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District Overview

 Who are we?

The District was created July 7, 1945 by an Act of the California State Legislature. The District (2700 sq. mi.) is located in the western portion of Riverside County (7200 sq. mi.). It extends easterly far enough to include the cities of Palm Springs, Cathedral City and Desert Hot Springs. The District is governed by a Board of Supervisors comprised of the same individuals as the Riverside County Board of Supervisors.

Act 6642

Why were we created?

Following the devastating floods of 1938, the Board of Supervisors saw the need for a regional drainage authority and petitioned the California State Legislature to create such a body. On July 7, 1945, the Legislature took the appropriate action and the Riverside County Flood Control and Water Conservation District was born. In establishing the District, the Legislature not only formed an entity charged with keeping county residents safe from flood hazard but also established an independent tax revenue stream for funding. Before the District's inception, severe flooding regularly occurred throughout much of the County. Today, through effective engineering, dam and channel construction, regulation, and public education, massive flooding is far less common.


What does the District do?

The purpose of the District is to provide the following:

  • Identification of flood hazards and problems
  • Regulation of floodplains and development
  • Regulation of drainage and development
  • County Watercourse and Drainage Planning
  • Education for Flood Prevention & Safety
  • Construction of Flood Control Structures and Facilities
  • Flood Warning and Early Detection
  • Maintenance and operation of completed structures
RivCo Flood Overview Image

Mission Statement
"We responsibly manage stormwater in service of safe, sustainable, and livable communities."
Jason Uhley, General Manager-Chief Engineer

How is the District funded?

The Flood Control District is a special district rather than a County Department, and as such, receives a dedicated share of property taxes – about 3-7%. In addition to property taxes (which are the chief income source), other revenue sources for the District include developer fees and cost sharing arrangements with other governmental entities. Today, the District has an annual budget of approximately $212 million and total assets of $1.06 billion.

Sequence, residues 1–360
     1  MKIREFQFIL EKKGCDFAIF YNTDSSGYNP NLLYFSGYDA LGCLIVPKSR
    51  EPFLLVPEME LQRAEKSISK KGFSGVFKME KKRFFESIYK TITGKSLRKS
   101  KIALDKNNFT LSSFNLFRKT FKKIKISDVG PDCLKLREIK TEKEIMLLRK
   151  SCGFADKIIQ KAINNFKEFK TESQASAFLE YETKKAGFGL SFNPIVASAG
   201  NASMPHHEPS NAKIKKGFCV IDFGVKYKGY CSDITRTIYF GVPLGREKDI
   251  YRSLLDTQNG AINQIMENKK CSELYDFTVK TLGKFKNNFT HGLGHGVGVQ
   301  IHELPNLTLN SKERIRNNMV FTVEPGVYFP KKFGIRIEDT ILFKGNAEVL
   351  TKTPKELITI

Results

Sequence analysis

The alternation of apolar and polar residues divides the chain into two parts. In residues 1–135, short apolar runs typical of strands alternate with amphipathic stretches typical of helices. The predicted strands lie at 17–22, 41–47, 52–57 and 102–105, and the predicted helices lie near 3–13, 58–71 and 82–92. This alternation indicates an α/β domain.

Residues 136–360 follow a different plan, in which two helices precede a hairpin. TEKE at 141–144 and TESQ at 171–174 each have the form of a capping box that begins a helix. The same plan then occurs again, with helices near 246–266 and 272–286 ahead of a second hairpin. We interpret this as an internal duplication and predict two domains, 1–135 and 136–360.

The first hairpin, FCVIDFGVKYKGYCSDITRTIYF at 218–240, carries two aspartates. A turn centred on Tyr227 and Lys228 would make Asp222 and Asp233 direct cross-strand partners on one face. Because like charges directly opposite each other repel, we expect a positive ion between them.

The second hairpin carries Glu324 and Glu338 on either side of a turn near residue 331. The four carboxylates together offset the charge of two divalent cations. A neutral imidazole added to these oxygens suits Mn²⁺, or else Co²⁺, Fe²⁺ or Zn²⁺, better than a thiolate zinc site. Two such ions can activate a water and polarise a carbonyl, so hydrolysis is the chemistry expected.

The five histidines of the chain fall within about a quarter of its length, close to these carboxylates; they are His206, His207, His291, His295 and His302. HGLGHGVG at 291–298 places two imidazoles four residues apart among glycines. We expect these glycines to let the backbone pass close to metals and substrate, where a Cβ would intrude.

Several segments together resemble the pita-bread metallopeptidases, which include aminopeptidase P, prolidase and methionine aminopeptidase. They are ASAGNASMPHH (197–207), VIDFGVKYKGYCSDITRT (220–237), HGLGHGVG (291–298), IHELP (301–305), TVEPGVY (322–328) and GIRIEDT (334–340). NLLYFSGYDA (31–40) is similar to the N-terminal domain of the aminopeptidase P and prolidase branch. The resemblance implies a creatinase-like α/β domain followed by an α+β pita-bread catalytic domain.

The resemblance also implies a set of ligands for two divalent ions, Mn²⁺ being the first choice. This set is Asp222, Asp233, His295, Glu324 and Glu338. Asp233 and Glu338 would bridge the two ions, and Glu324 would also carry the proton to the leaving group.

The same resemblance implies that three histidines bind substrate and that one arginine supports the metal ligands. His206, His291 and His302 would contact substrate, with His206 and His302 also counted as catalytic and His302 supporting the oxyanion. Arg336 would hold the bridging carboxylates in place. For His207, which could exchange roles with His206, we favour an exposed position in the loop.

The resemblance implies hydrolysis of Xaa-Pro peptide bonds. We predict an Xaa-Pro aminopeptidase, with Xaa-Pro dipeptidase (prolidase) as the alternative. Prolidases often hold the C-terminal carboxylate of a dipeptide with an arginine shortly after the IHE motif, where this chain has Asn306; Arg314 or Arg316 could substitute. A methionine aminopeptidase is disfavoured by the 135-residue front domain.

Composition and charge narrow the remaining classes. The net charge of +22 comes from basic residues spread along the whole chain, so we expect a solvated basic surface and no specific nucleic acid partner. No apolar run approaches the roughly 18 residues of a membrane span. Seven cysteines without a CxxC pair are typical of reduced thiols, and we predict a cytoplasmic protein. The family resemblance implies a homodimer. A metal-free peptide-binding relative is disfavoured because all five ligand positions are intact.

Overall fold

What is the District's jurisdiction?

The Riverside County Flood Control and Water Conservation District is the regional flood management authority for the western part of Riverside County. As a Special District, Flood Control’s jurisdiction does not extend over the entire County but only the western 40%. The responsibility for drainage in the eastern part of the County is borne by a combination of the County Transportation Department, the Coachella Valley Water District, the various cities and a variety of local entities. The District does provide certain non-tax supported functions (such as Floodplain Management, development review, NPDES compliance, etc.) for the entire County. And unlike a County Department, the District has authority to expend tax dollars within city boundaries as well as within unincorporated areas.

How is the District organized?

The District’s 239 employees are divided into eleven Divisions:

  • Construction & Maintenance
  • Design
  • Developer Services
  • Emergency Management & Government Affairs
  • Finance
  • Operations
  • Planning
  • Regulatory
  • Surveying & Mapping
  • Watershed Analytics
  • Watershed Protection

The Planning Division develops watershed specific Master Drainage Plans, manages and modifies mapped floodplains and partners with other agencies and developers to design and construct drainage facilities. Developer Services includes Development Review, Plan Check and Contract Services, which review and coordinate with proposed land developments throughout our District.  The Design Division develops and prepares project specific hydrologic, hydraulic and structural designs for a variety of drainage facilities, including underground storm drains, detention basins, dams, levees and open channels with costs ranging from as little as $10,000 to more than $12,000,000.  The Emergency Management and Government Affairs Division oversees large federal infrastructure projects and administers grants. The Regulatory Division is responsible for all local, state and federal environmental approvals for District construction and maintenance activities, and other discretionary actions.  The Watershed Protection Division assumes the lead role in coordinating and implementing the District’s, Cities and the County of Riverside National Pollution Discharge Elimination System (NPDES) Municipal Separate Storm Sewer System (MS4) permit compliance programs. These six Divisions are supported at every juncture by the other five Divisions, which provide such services as photogrammetry and mapping, surveying, accounting, human resources, information technology support, operations and maintenance support, and administrative functions.